Especially Korean readers are not familiar with the process of meditation, for we are accustomed to reading Korean poems. As I have said earlier, the difference between music and narrative might be fit into that of Korean poetry and English poetry in that Korean poetry is rooted in the form of narrative, and English in music and sound. Perhaps, this differentiation may draw a heated argument from Korean scholars, but it seems that an English poem is tuned to spoken language and speech, while a Korean poem to a song. This point might be typical, but the differentiation of Korean and English poetry would provide one of explanations of the foreignness and strangeness of Korean reader when he/she experiences an English poem.
Usually, when we read a Korean poem, we don't need time to mediate and can just swallow the poem without repeated processes of reading and analyzing a poetic text, since Korean poetry is based on songs which directly transfers the emotion of the poets. The difficulty of reading and appreciation of English poetry does not seem to come from the mere difference of languages. Reading an English poem undergoes different processes by which the reader experiences music, rhythm, and rhyme of speech as well as author's implied message. Thus, in order to get a whole combined effect of music of a poem in English, the reader must reread several times, and this repetitive strategy can provide the experience of English poetry, though this work seems to be time-consuming and boring. However, only if the repetitive reading of an English poem can bring the understanding of the poetic text, the reader is surely experiencing one of the pleasures which are hard to find in reading Korean poems. In some ways, since experiencing an English poem is very difficult and a kind of working processes, the access to a poem in English is not easy. Rather we may as well call all reading of English poetry "studying English poetry": This must be a hard work.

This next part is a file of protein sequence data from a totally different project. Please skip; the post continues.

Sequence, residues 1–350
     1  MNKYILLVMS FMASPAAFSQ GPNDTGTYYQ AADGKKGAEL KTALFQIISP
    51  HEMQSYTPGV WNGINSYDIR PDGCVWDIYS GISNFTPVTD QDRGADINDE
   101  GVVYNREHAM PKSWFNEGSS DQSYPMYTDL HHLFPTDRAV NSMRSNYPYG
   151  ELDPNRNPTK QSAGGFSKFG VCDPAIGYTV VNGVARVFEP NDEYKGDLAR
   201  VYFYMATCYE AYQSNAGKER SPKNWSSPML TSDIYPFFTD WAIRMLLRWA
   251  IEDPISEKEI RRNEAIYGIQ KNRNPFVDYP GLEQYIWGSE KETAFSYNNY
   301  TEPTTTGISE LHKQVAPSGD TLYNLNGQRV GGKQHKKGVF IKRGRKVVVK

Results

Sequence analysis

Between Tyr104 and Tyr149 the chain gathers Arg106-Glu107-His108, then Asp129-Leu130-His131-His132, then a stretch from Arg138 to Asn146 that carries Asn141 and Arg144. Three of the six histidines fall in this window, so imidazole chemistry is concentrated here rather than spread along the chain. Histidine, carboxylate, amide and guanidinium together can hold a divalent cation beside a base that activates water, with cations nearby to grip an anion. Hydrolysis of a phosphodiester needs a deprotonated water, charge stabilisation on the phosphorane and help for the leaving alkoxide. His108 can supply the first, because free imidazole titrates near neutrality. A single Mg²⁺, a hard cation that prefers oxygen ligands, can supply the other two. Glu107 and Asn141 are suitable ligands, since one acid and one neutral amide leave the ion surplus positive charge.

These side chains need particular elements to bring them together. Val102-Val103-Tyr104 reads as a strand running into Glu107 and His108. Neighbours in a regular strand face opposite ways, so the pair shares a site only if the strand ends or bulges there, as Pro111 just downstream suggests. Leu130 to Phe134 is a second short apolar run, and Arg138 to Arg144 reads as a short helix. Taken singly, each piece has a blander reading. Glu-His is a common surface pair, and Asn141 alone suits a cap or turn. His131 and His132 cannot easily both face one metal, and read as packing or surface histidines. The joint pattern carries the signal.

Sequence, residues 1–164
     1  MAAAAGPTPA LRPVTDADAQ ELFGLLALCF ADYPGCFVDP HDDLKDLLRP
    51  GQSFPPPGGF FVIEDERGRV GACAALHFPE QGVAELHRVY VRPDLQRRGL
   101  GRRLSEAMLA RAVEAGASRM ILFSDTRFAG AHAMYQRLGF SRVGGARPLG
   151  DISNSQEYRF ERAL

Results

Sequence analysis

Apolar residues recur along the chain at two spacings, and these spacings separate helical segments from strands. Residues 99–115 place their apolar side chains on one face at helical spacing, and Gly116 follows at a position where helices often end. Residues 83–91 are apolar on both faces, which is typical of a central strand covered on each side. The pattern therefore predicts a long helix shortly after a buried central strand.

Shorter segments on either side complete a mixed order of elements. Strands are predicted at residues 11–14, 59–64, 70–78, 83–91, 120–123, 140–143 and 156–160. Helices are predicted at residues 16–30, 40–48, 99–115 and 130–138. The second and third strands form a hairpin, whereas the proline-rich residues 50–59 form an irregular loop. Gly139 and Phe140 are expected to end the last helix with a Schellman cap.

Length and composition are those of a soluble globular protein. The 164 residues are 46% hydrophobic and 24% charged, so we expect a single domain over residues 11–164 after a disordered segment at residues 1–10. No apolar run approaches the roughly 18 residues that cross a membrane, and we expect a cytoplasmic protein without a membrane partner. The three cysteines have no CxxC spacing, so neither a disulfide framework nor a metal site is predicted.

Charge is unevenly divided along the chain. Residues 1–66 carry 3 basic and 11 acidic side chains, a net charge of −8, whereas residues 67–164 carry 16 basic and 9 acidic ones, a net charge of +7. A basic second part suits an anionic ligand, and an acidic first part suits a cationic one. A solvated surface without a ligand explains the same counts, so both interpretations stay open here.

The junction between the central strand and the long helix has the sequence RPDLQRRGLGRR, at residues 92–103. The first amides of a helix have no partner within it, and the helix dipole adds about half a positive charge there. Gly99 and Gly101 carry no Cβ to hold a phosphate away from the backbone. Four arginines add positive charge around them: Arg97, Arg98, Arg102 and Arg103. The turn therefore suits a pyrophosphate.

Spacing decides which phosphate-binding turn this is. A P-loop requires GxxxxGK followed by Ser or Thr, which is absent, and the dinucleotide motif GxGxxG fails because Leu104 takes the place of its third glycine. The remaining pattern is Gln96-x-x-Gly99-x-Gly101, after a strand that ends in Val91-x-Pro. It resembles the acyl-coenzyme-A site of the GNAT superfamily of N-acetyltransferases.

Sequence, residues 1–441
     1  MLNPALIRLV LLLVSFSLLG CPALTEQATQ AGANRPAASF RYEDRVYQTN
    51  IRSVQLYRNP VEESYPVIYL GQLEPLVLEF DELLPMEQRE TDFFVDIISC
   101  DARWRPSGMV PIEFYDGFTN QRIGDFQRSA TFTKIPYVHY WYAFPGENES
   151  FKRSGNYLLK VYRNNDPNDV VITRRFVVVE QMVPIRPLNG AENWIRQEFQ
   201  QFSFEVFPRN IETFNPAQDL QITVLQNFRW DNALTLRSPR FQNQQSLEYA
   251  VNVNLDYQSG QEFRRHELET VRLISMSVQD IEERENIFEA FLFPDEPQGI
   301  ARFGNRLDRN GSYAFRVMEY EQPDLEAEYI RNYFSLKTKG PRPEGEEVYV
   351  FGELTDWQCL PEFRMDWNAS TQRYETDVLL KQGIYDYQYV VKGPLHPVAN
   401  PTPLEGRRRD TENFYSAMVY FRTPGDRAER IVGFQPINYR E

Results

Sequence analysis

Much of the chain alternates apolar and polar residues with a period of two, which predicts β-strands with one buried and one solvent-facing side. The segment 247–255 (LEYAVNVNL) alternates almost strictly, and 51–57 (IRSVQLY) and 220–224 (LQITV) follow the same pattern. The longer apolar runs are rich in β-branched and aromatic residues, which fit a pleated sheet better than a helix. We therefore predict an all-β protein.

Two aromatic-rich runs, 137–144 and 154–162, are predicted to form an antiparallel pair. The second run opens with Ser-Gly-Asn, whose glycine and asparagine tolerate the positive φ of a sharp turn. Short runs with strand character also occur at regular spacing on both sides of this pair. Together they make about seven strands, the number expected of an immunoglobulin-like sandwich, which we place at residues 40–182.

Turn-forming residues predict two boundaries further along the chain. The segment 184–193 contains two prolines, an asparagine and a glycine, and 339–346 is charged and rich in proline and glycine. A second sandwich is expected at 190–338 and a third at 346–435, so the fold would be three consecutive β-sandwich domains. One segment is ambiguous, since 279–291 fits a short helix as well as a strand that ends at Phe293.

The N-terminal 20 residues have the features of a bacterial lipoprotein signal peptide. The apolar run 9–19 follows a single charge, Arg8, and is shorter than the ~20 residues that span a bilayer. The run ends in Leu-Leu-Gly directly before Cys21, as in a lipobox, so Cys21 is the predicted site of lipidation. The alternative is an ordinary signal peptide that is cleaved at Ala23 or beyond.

After all, the crucial difference between Korean and English poetry is the process of meditation, and perhaps these results in the difference of language. In this regard, I don't want to argue that the language of meditation is superior to the language of a song or a lyric, but we need to know the difference before reading and appreciating English poetry. In addition, we need to train our ears to listen to sound of English¾rhymes, rhythms, that is, the music of English poetry or just English (we definitely know that English has a different sentence structure, intonations, and accents). In other words, we should have language competence enough to experience English poetry. With the acknowledgement of difference, finally we can begin to further one of steps leading to reading and appreciation of English poetry. And balancing your labors to read a poem in English, experiencing politics of differences of time and space will give you the enlargement of your dimensions of knowing the fluid world.